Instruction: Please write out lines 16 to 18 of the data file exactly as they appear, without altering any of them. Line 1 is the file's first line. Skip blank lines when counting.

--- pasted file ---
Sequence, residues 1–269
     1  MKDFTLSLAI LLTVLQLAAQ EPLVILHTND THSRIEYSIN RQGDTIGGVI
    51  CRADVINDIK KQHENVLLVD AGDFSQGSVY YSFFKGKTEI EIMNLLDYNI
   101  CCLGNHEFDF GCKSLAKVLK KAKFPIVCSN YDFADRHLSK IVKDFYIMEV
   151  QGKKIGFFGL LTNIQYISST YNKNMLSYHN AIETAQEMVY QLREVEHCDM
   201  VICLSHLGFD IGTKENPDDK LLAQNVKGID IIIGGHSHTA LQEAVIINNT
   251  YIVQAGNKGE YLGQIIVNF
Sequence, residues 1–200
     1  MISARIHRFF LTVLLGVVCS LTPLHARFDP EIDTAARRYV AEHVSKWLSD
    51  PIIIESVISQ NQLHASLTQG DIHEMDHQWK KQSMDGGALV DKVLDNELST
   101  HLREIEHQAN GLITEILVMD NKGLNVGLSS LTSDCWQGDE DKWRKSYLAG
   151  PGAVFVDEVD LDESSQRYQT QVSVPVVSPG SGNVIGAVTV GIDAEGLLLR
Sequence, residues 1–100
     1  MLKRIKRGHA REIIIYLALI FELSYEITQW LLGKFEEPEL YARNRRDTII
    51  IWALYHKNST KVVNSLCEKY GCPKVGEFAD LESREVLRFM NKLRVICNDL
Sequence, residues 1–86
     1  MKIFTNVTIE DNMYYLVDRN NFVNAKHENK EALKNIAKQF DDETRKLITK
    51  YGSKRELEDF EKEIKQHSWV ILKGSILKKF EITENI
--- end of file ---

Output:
Sequence, residues 1–86
     1  MKIFTNVTIE DNMYYLVDRN NFVNAKHENK EALKNIAKQF DDETRKLITK
    51  YGSKRELEDF EKEIKQHSWV ILKGSILKKF EITENI